This N1 is attached to a Subway sandwich shop and an upscale Mexican fast food place called Serano. The whiff of Subway — that distinct scent of processed deli meat and stale bread manufactured by Subways worldwide — caught me immediately. I scouted the aisles of snack foods in search of a proper gas station breakfast and settled on an overpriced, ‘Corny’ brand granola bar. That I’m describing a granola bar as overpriced should speak to the shame of being a self-proclaimed writer doing an artist residency at a gas station. I also bought a coffee and, as is the case in Iceland whenever you get a cup for coffee, it was mine to refill endlessly.
I sidled up to what Nes might call the ‘workstation’ but was, in actuality, a counter with a napkin dispenser, tall bar stools, and a view of the parking lot. There was no wifi network available nor electrical outlets, so I realized my residency would last as long as my computer could hold its charge or I broke down and left to check emails.
I tried to see the lack of internet as some sort of fortuitous gift that would keep me from hopping on the web to distract myself. I had read an article about novelist Jonathan Franzen’s practice of sequestering himself in a spare apartment in New York City with no internet connection, on a computer that had no photos, no music, no other programs but Microsoft Word. Perhaps Nes was aware of Franzen’s token piece of advice: “It’s doubtful anyone with an internet connection at his workplace is writing good fiction.”
So I pushed the crumbs off the counter and wrote and watched people come and go. A man walked in with a black briefcase and I waited to see if he, too, would sit at the ‘workspace.’ Was he also a resident? Another man walked in with a camera slung over his shoulder. Perhaps he was coming to work on a photo essay chronicling the banalities of the homogeneous service station?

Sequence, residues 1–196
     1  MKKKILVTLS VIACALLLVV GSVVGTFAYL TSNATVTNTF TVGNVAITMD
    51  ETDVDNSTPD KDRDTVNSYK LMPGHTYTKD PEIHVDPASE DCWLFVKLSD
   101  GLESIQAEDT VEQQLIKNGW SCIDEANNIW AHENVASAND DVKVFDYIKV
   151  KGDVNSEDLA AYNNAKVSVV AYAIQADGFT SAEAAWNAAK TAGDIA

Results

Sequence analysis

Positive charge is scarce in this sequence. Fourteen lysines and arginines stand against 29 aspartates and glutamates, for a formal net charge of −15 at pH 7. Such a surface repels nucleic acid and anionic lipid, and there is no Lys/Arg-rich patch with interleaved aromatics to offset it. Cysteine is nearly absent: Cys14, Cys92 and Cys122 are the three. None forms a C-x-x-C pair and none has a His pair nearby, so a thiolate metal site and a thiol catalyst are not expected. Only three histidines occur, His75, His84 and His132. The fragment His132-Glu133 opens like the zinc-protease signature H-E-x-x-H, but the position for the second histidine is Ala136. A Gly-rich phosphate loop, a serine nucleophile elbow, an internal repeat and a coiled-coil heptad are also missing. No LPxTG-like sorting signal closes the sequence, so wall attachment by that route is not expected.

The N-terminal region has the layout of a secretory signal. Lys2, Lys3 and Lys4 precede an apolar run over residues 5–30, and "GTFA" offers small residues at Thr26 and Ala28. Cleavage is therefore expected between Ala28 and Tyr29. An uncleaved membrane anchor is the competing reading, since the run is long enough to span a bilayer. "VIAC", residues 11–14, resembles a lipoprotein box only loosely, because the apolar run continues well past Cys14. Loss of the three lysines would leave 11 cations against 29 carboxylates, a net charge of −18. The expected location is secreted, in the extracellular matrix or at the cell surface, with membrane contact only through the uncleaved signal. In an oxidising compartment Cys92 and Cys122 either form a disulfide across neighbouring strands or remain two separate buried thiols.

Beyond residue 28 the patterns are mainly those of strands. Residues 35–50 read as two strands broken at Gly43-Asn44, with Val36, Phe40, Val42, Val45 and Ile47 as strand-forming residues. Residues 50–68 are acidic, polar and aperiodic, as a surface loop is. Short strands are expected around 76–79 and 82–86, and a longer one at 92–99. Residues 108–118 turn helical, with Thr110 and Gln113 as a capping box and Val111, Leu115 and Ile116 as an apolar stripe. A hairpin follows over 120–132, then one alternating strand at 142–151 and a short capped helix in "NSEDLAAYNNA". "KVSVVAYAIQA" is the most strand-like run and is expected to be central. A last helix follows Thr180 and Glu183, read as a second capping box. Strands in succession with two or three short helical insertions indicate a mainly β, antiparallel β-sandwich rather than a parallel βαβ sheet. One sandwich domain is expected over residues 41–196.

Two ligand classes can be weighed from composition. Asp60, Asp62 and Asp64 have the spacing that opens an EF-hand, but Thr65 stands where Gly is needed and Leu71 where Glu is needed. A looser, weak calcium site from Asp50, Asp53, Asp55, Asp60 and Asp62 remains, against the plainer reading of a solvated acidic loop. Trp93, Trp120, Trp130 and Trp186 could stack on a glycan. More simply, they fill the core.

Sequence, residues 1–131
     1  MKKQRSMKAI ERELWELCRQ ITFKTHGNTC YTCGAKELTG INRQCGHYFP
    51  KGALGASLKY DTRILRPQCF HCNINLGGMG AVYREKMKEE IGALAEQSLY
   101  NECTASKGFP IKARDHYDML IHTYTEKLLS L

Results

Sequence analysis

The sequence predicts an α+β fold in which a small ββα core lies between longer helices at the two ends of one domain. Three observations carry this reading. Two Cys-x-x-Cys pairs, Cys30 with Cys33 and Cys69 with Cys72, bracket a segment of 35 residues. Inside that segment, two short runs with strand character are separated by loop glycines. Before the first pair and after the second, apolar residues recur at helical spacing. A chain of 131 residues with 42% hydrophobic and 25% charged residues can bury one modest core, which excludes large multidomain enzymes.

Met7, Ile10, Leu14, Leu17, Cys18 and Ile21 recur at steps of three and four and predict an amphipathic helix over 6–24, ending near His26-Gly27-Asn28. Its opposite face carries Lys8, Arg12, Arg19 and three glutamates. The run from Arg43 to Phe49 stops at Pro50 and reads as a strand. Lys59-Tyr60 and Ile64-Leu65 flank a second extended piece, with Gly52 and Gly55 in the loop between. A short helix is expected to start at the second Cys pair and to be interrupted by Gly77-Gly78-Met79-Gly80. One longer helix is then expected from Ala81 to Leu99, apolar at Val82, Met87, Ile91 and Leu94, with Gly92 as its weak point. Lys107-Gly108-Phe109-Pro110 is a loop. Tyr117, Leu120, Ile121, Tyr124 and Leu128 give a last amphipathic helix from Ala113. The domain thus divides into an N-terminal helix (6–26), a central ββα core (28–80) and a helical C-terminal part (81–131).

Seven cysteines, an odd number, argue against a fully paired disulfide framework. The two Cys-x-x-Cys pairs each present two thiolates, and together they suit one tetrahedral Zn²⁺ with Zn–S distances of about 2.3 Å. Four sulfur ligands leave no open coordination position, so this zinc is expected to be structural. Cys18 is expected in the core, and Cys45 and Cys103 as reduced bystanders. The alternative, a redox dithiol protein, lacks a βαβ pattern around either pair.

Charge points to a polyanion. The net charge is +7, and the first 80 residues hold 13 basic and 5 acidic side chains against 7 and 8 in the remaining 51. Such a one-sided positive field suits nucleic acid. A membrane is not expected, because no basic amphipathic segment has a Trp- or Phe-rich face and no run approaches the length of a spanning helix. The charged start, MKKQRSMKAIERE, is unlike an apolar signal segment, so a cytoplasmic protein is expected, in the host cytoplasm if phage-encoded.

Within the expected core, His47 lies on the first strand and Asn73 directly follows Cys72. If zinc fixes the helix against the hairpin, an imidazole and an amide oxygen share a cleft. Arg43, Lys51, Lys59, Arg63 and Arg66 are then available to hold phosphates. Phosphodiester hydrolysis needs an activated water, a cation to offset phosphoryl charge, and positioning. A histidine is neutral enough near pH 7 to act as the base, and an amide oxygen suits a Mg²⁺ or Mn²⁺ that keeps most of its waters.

Both had only come in to pay for their gas.
At 9:53am, a man sat next to me with his hot dog and soda and I waited to see if he would pull out some paints or a notebook. He didn’t work on anything but his hot dog and then briskly took off.
I inevitably distracted myself. I looked at the inspirational postcards of Icelandic horses and elves on a display to my left, the rack of hair accessories and eyeglasses to my right. Gas stations, like supermarkets, are a great cultural barometer, food-wise. At an Icelandic gas station you have your shelves of dried fish, Danish Rugbrød bread, and Súkkulaðisnúðar cookies.
I imagined what I might put on my LinkedIn profile of having been an N1 Artist-in-Residence. “Took advantage of the residency’s resources to foster personal growth” (junk food), “to develop narrative craft” (i.e., me, right now, writing this article in the first-person), “to participate in a productive environment that fueled my creative process” (i.e., me interacting with the bottomless coffeepot).
Because the ‘workstation’ was close to the automatic doors, I left my coat on during my residency to fend against the cold. I stared out the window at the Subway sandwich flag fighting violently against the wind.
I can report that the bathrooms were stocked with all toiletries the Nes website had expounded and were spacious and clean. The N1 staff, unaware of the station’s covert artist residency, were still helpful and inspiring. “We’re in no rush,” the counter attendant had said philosophically when I apologized for taking so long to pick out my flavor of granola bar.
After two hours had passed, all I had really put together were different musings on my experience that morning. I packed my things and left with the inevitable products of a gas station artist residency: the narrative material for this article, a bag of Cheese Doodles, and a can of soda.